8 Cultural Conflicts That Make Us Who We Are
Narrated by Hazel Rose Markus & Alana Conner / 10 hours 34 minutes
As the world gets smaller, hotter, and flatter, people from different cultures are colliding like never before:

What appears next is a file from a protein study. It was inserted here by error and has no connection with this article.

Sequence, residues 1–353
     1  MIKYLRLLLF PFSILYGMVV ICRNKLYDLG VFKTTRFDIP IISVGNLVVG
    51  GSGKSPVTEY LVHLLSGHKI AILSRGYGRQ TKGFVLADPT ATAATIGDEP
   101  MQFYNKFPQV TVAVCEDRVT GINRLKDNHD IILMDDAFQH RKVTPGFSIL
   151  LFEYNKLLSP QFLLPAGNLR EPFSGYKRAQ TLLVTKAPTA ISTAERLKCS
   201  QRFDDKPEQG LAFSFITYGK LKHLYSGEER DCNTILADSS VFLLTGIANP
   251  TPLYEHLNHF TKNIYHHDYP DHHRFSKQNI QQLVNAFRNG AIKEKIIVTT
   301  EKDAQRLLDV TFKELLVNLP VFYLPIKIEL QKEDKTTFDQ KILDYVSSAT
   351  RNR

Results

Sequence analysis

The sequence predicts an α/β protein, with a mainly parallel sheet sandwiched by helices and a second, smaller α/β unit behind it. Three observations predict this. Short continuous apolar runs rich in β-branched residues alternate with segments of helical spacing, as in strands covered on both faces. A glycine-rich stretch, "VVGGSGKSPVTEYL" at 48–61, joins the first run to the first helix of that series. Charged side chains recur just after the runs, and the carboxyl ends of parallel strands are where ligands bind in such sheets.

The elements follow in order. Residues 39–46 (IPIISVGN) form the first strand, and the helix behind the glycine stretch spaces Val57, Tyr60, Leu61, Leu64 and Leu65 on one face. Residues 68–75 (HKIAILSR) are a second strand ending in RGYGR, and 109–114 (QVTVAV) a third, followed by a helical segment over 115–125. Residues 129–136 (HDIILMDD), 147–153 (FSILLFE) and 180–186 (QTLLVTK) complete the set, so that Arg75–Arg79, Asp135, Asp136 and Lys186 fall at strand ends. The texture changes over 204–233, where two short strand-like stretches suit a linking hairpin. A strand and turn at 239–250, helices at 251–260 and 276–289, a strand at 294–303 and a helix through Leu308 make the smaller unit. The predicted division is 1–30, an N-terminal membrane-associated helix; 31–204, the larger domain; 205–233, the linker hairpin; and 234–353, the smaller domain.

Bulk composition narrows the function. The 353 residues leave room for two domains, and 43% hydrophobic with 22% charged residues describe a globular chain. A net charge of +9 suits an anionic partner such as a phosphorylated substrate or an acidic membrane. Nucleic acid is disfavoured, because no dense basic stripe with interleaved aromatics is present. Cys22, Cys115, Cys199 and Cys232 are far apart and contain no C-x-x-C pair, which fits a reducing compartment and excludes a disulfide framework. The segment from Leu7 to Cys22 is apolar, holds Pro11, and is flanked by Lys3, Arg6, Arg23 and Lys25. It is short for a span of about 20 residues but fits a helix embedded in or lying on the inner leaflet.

East Asian students now dominate Western schools and workplaces, yet crash into the so-called "bamboo ceiling" before reaching the top. Women are getting stuck as they rocket up the corporate ladder, while men are falling off the ladder altogether. The have-nots still struggle in the classrooms of the haves, widening the gap between rich and poor. Many Blacks, Latinos, and other people of color know that discrimination keeps them down, while many Whites sincerely believe that race no longer matters. The politics of conservative Protestants frighten Americans of other religions, while the politics of more mainstream traditions infuriate the conservatives. Midwesterners and Southerners get depressed when they relocate to the Coasts, and vice versa. Despite the need for more collaboration, partnerships between governments, businesses, and nonprofits too often fail. Governments in the Global North and Global South still can't agree about what counts as "fair," "honest," and "efficient." Although each of these eight conflicts seems unique, we reveal that many stem from the same root cause: the tension between people using the independent, separate, and in-control side of their selves, versus people using the interdependent, connected, and adjusting side. We also show how people can nudge their cultures to call forth their best selves. By knowing when and how to use our different selves, we may not just survive, but thrive in the 21st century.
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